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Posts Tagged ‘philosophy of education’

The following text comprises the notes used to deliver an address to the Bethel College community at the opening convocation of the 2015-2016 academic year on August 19, 2015.

 

Students, you are at Bethel College to receive an education.

Teachers, you are at Bethel College to provide an education.

Today, the first day of the academic year, we convene to dedicate ourselves, as a community, to provide and receive an education.

 

An intelligent dedication requires that we first define “education.”

 

Education is an

action or process of

formal teaching

by precept, example, or experience

that results in

the knowledge of information and skills,

and mental, spiritual, and aesthetic development.

 

I would like to repeat that definition:

 

Education is an

action or process of

formal teaching

by precept, example, or experience

that results in

the knowledge of information and skills,

and mental, spiritual, and aesthetic development.

 

From this definition we may isolate five essential components of education, each identified with a word beginning with the letter “a”:

Education is made up of (1) actors, (2) an aim, (3) actions, (4) an avenue, and (5) assessment.

 

The actors: teacher and student

The aim: the outcome in the student desired by the teacher, i.e., that which must be learned and that into which one must develop

The actions: teaching by the teacher and learning by the student

The avenue: the curriculum or course of study taught by the teacher to achieve the desired outcome in the student

The assessment: the evaluation of the desired outcome, curriculum, teaching, and learning in order to maximize the fruitfulness of each of these components

 

Everything we do as teachers and students, if it is to be called education, must in some way relate to these essential components. Anything that does not do so is peripheral to our task, and it is questionable that we should be involved in it.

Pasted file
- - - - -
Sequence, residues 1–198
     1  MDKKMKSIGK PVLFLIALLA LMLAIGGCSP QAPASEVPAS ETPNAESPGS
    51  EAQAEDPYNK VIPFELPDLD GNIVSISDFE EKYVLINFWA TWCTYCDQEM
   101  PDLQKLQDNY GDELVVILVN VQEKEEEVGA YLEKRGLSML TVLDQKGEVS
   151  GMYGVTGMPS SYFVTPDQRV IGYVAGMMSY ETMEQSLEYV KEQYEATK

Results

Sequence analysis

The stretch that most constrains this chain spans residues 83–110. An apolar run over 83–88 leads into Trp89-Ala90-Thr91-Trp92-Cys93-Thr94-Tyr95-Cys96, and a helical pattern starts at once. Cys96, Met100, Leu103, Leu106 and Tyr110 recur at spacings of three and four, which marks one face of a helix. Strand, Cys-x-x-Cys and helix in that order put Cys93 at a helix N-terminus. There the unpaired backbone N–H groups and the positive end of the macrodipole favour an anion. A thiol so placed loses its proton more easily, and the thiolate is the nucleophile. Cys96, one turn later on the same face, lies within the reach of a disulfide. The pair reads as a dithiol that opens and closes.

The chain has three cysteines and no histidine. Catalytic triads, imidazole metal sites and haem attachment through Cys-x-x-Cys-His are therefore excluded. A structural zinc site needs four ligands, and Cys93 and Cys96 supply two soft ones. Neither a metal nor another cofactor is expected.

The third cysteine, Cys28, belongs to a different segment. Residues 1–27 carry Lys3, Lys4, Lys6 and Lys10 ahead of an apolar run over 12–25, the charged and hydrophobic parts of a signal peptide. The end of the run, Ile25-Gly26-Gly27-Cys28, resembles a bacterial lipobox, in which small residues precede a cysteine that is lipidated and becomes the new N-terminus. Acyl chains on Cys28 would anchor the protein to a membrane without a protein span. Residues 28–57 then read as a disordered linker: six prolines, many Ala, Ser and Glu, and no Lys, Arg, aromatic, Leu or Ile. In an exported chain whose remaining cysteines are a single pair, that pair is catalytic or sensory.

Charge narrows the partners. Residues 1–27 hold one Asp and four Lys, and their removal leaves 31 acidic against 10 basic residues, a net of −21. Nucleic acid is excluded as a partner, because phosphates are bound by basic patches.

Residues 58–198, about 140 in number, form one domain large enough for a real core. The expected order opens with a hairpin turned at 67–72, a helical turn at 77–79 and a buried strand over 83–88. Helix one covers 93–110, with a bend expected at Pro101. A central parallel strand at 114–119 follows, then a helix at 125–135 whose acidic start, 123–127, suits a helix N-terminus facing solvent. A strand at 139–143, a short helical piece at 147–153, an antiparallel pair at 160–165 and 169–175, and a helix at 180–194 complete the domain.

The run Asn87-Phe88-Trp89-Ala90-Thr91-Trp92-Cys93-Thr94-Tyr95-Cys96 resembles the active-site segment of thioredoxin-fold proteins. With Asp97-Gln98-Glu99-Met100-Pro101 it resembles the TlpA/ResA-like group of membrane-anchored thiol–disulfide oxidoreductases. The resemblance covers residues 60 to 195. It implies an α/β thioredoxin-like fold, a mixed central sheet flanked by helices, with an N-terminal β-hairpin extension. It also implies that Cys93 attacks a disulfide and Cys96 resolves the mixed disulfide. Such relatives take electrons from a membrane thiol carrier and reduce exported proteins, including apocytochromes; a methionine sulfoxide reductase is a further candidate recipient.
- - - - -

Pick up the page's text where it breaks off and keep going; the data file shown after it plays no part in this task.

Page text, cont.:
To illustrate: Why do we build state-of-the-art buildings and use technology like ThresherConnect? In answering this question, it is important to note that buildings and technology are not ends in themselves. They are not essential to education. In fact, in some cases, they may distract from or impede education, e.g., when in class we tap out texts on our phones and check out email and Facebook on our laptops. In reality, education can take place on a log with a teacher on one end giving instruction to and asking questions of a student at the other end. However, we employ assets like state-of-the-art buildings and technology, because we believe they contribute to education when used to advance the components, e.g., teaching and learning.

Ultimately, though, effective education depends upon the extent to which each of the actors, teachers and students, understand and fulfill their roles with respect to the other essential components of education. Since the opening convocation is the occasion at which we, as a community, dedicate ourselves again to these roles, it is fitting that we briefly consider and then commit ourselves to them. (more…)

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This “Vision for Christ-centered Higher Education” is an extended treatment, from a different point of view, of the same subject treated in “A Philosophy of Christian Liberal Arts Education.” “Vision” was first published in 2007, when I was employed as the Academic Vice President at Cedarville University, Cedarville, Ohio.

Cedarville University is a Christ-centered learning community equipping students for lifelong leadership and service through an education marked by excellence and grounded in biblical truth. This mission affects our philosophy of education, including the way faculty members conduct research, practice collegiality, and carry out instruction.